Persuasive Sales Negotiation (Part II of III)

The third principle of persuasion according to Dr Robert Cialdini, is the the principle of "Social Proof". This principle states that we determine what is correct by finding out what other people think is correct. This article follows on Persuasive Sales Negotiation - Part I.

This article follows on from Persuasive Sales Negotiation - Part I.

The third principle of persuasion according to Dr Robert Cialdini, is the the principle of "Social Proof". This principle states that we determine what is correct by finding out what other people think is correct. The principle applies especially to the way we decide what constitutes correct behaviour. Dr Cialdini states "Whether the question is what to do with an empty popcorn box in a movie theater, how fast to drive on a certain stretch of highway, or how to eat the chicken at a dinner party, the actions of those around us will be important guides in defining the answer."

In our sales negotiation training courses, this principle reminds us of the saying that did the rounds during the 80's - "Nobody gets fired for buying IBM". Usuallly, when a lot of people are doing the same thing, it is perceived by the individual to be the right thing to do, therefore if you bought IBM whilst everyone else was buying IBM, your company would be making a safe investment.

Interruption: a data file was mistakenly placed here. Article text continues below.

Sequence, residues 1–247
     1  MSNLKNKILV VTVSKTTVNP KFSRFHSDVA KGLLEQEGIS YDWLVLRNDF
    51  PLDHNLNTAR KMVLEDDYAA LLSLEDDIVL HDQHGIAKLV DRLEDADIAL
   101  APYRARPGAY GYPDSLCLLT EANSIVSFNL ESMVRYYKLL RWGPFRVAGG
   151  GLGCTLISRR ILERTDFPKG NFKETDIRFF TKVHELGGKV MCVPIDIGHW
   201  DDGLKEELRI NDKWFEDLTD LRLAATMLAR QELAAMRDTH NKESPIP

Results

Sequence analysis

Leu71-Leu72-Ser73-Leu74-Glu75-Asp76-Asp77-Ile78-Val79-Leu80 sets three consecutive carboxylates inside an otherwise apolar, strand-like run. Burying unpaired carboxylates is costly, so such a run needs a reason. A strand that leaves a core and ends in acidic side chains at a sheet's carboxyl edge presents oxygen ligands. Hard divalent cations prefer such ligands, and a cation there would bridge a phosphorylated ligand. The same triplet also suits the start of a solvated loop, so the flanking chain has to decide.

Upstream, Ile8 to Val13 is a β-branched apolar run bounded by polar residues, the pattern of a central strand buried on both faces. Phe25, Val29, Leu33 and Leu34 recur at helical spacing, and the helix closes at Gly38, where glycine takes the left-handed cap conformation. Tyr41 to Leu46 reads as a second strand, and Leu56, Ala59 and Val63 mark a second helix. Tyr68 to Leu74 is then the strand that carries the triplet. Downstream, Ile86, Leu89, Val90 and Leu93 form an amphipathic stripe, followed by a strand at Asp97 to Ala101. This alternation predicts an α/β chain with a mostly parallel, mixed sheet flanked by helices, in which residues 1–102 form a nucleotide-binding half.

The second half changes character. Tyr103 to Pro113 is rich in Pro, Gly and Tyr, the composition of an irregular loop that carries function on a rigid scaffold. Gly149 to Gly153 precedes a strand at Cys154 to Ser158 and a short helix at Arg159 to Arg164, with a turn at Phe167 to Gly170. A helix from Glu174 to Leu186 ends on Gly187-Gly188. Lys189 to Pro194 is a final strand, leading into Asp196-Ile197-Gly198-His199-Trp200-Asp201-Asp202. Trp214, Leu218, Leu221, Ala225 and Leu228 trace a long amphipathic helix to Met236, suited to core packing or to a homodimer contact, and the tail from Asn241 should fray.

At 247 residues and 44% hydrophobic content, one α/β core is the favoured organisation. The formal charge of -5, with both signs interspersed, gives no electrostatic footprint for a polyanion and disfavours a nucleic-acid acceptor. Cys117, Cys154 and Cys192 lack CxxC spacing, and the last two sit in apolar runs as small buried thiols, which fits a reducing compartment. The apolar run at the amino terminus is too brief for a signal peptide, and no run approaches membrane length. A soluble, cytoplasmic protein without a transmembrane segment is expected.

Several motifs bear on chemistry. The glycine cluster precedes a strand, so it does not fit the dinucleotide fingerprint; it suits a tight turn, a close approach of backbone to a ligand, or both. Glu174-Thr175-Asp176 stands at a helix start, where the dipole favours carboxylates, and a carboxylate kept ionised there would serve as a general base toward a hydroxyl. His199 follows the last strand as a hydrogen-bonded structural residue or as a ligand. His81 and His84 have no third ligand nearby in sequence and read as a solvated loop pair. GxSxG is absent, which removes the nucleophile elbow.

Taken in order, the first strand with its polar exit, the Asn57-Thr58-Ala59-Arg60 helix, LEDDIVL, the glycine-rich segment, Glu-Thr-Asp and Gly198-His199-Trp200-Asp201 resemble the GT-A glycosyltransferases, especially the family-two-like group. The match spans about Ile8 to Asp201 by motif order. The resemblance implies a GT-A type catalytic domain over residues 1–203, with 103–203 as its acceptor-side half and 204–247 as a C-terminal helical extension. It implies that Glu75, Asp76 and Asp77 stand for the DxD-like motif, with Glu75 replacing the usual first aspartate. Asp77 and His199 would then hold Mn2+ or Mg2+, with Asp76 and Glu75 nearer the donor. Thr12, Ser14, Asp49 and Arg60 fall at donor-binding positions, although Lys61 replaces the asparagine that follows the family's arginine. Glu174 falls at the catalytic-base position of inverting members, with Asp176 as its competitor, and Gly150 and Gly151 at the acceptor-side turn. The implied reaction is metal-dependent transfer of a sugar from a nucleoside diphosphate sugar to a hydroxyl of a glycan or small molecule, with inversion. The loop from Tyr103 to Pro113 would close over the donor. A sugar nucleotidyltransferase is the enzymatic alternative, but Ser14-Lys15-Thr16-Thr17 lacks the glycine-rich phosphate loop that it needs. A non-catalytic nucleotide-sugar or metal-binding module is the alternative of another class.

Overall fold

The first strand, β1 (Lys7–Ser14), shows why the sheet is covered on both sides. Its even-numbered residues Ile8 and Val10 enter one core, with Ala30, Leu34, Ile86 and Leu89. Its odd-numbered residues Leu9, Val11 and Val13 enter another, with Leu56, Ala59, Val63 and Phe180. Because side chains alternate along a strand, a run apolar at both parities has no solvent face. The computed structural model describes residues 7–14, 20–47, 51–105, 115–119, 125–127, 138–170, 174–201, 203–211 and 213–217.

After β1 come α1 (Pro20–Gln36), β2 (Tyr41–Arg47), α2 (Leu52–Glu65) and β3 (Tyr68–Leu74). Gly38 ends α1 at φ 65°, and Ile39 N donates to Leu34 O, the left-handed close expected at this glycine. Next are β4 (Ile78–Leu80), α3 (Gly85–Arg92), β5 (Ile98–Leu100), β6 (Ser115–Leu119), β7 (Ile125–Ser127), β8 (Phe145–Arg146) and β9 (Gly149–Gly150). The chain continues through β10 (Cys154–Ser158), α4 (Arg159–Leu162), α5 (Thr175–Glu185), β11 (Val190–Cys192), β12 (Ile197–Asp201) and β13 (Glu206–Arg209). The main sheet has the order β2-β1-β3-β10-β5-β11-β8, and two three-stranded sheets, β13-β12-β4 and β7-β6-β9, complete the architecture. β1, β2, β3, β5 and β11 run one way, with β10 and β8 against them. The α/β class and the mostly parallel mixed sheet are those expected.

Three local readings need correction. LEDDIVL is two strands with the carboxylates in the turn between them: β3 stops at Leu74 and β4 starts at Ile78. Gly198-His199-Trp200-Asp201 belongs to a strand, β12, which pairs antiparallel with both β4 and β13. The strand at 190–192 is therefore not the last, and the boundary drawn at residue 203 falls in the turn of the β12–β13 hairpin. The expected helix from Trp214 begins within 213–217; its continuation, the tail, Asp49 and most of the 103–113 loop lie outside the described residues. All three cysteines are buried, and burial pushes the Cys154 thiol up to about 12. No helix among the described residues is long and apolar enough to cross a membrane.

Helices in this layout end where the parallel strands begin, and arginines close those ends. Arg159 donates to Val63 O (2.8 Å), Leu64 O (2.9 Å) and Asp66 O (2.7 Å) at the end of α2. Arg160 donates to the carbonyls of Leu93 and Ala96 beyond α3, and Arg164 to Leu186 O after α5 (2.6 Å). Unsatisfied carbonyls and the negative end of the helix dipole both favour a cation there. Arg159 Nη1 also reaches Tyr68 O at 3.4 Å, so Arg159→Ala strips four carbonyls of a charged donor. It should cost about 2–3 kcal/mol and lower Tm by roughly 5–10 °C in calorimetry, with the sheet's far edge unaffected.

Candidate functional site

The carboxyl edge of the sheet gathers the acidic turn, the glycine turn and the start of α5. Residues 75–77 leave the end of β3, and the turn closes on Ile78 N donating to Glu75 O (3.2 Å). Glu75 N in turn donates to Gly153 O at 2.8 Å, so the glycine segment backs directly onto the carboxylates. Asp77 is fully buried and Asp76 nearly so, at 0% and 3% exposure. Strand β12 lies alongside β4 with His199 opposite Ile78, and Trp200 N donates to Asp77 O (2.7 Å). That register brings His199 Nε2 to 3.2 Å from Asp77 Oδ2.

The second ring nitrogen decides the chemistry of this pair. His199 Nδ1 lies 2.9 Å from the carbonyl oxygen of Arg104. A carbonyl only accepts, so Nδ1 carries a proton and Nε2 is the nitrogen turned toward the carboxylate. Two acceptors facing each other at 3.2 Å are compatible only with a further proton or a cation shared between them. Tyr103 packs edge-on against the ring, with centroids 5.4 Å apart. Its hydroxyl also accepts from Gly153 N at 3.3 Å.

Sales and motivation consultant Cavett Robert captures the principle nicely in his advice to sales trainees: "Since 95 percent of the people are imitators and only 5 percent initiators, people are persuaded more by the actions of others than by any proof we can offer."

The way we can use the principle of social proof in our sales careers is to offer our customers examples of people and organisations in similar positions to themselves having complied with the particular request we are making of them. The principle of social proof is most effective during times of uncertainty and when similarity is evident. Thus if we are trying to assist individuals to reach a buying decision, we are clearly advised to ensure that the examples cited as social proof are similar to the target audience in as many ways as possible.

The fourth principle of persuasion concerns "Liking". Clarence Darrow said "The main work of a trial attorney is to make a jury like his client." Very few of us would be surprised to hear that we like to say yes to the requests of those people whom we like.

Dr Cialdini cites a wonderful example of Joe Girard, who specialised in using the liking rule to sell Chevrolets. He became very wealthy in the process, making over $ 200,000 a year. With such a salary, we might guess that he was a high-level GM executive or perhaps the owner of a Chevrolet dealership. But no. He made his money as a salesman on the showroom floor. He was phenomenal at what he did. For twelve years straight, he won the title of "Number One Car Salesman": he averaged more than five cars and trucks sold every day he worked and he has been called the world's "greatest car salesman" by the Guinness Book of World Records.